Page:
The vibrations we call “sound” are created as rubber deforms and loses its surface contact, then tries to return to its shape and grab traction again, giving us tire squeal. It’s a bit more complicated than that, but that’s the general idea. The more slip angle, the faster the vibration from the process just described, which yields a louder sound. Going fast through a slow hairpin, relatively speaking, there are lots of longitudinal (heavy braking) and lateral (turn-in) forces being applied. If slip angle is minor, then vibrations will be slower and you will hear a lower pitch tire squeal. In the same scenario, if slip angle is greater, vibrations will be much more rapid, and if the slip angle overcomes traction, the vibrations are even more rapid making a high pitch noise as your car screeches off the track surface!
The way I suggest finding the limit of grip in HPDE on DOT tires is to drive until you hear some tire squealing. Then get to where you are comfortable making your tires talk to you consistently, all the while being conscious of the feel of your tires coming through the steering wheel and your driver’s seat. Now that you are comfortable hearing tire squeal lap after lap, begin to back off. Get to where you can barely hear your tires squealing. Somewhere in this zone is the absolute maximum of grip for that specific tire.
This exercise is not limited to the Toyo R888R. Ask other drivers about the feedback they hear from their tires. Currently I’m on Hankook RS4’s for my wet-weather tires. New to them last March, I didn’t think they gave any audible feedback. We can get rain and snow here in Utah, and once the snow melted and things dried up a bit, it didn’t take long to hear them squeal. I’m guessing any good NASA +1.6 ST/TT tire will do.
For more experienced drivers, I have them drive their tires even harder. This approaches the beginnings of drifting, or having a four-wheels-off experience. So only practice this exercise in safe corners that have runoff and when no other cars are behind you. This will give you more confidence driving at the edge of grip and will help you develop a keener feel for finding the optimum slip angle.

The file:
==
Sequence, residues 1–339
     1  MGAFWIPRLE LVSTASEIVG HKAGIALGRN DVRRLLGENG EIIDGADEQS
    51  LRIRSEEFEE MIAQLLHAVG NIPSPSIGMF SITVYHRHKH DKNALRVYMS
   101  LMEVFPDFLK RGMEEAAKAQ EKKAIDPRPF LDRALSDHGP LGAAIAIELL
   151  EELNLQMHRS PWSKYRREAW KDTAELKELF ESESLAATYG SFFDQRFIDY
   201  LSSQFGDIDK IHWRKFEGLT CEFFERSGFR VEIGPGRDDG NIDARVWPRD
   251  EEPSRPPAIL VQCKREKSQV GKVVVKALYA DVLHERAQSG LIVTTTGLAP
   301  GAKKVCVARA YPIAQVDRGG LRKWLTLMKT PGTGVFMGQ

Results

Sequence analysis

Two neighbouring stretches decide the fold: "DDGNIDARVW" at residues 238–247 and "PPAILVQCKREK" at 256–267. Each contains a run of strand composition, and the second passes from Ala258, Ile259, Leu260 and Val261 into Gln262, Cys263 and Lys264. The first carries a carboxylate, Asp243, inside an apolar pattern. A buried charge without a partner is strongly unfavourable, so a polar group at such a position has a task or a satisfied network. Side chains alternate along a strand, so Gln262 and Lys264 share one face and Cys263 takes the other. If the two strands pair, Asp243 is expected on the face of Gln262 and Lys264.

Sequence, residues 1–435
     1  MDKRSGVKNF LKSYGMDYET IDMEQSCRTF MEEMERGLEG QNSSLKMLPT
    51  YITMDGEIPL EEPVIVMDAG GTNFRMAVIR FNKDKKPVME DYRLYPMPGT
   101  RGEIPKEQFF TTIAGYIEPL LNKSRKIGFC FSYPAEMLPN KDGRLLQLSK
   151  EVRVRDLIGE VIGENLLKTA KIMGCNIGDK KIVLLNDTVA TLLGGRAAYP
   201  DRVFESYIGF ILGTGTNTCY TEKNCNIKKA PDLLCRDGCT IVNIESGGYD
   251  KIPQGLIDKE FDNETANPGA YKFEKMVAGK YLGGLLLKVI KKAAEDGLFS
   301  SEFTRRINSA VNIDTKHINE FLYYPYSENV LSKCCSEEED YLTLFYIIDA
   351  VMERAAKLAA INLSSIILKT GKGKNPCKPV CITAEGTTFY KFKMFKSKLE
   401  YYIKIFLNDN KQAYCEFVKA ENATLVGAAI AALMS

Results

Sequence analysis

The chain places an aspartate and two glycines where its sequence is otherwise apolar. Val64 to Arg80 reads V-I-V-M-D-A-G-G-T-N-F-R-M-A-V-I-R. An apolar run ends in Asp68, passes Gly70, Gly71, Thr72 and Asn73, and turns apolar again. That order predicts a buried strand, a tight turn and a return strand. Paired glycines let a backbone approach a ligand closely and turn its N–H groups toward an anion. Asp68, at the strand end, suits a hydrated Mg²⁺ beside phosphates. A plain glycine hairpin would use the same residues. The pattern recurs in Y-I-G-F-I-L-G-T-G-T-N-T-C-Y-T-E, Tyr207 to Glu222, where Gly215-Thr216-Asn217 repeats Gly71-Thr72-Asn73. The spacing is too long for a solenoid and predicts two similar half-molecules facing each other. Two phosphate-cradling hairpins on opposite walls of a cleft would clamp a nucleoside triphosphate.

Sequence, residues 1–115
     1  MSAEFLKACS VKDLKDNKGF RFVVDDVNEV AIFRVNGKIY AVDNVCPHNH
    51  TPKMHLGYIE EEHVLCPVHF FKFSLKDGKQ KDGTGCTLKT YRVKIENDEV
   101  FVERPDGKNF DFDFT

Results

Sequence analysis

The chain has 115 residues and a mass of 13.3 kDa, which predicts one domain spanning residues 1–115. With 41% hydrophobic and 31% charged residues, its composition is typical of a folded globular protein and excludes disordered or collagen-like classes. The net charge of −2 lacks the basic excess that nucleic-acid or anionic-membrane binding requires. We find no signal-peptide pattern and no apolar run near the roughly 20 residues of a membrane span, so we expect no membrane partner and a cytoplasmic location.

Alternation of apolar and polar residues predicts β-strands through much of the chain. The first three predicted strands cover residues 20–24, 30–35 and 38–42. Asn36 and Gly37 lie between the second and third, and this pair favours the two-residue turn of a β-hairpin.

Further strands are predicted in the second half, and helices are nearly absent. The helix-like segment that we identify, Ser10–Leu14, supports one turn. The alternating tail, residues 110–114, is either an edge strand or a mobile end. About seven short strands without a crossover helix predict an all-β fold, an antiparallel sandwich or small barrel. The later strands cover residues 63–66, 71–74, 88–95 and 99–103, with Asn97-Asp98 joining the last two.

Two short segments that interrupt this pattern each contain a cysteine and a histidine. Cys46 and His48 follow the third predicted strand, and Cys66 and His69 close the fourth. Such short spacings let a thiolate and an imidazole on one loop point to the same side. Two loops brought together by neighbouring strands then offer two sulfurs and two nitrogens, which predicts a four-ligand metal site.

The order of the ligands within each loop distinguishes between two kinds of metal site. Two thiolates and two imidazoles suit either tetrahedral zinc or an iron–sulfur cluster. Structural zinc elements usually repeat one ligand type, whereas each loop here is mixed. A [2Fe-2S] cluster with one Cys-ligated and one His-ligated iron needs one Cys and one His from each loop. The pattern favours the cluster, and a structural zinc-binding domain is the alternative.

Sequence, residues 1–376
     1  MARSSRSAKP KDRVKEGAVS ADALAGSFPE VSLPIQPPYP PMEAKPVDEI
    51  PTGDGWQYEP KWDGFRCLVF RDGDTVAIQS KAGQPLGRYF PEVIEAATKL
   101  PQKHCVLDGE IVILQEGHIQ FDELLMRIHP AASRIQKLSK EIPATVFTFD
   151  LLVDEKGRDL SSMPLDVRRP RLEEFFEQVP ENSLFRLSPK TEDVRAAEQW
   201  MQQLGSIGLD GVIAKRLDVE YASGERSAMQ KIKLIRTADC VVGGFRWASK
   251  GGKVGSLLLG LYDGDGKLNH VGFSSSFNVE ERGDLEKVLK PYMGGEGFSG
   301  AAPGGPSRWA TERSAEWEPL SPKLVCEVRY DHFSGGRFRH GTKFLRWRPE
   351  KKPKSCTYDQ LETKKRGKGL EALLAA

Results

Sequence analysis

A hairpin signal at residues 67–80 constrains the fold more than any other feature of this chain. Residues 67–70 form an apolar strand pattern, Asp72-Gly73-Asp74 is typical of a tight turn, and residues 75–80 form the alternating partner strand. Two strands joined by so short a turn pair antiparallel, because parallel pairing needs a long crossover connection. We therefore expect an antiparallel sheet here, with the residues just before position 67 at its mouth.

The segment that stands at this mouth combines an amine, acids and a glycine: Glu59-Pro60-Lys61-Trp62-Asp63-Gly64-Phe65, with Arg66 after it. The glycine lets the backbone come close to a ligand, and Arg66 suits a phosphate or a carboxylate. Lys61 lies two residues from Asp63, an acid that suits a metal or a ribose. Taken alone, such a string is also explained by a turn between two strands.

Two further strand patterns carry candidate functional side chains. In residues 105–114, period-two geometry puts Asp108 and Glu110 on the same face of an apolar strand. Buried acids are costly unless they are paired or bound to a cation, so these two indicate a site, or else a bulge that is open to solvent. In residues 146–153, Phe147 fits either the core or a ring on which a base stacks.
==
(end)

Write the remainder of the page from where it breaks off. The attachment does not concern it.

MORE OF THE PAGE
Too much tire squeal is simply over-driving your tires. No tire squeal means you are driving too slow. But are you driving at 9/10? Maybe you are only driving 7/10? In either case, you haven’t yet approached the edge of grip. Sound from a street tire beginning to lose traction is a great way to find the edge of grip and to learn how to drive faster!
Once you have learned tire “feel,” you are ready to try R-compound tires that tend to give no audible warning — and then it’s too late. R-compound tires are all about the feel. They won’t talk to you like street tires do, but now that you’ve mastered what tires feel like at the edge, you will have the need for more speed! R-compound tires will take you there.
And if you are so lucky as to be granted permission to give rides at your track, then make sure you bring along a set of 200 tread wear tires because all the tire squealing makes for an even more exciting passenger seat ride!
Sturgis found another car that had all but one item on his dream build list for a race car — and it has a Coyote power plant! Running his same number No. 06, black rather than white, this one is caged, gutted, with advanced adjustable suspension and all the real racecar goodies. Now he can go wheel-to-wheel racing. Sturgis has been breaking personal bests every month since purchasing this car and has been making podium finishes this 2023 season.
He developed and teaches “NASA Utah HPDE Clinic” during the lunch hour on Saturdays of NASA Utah race weekends where he covers everything from brakes and braking, to aerodynamics and tire choice — and helping everyone remember to have fun out there.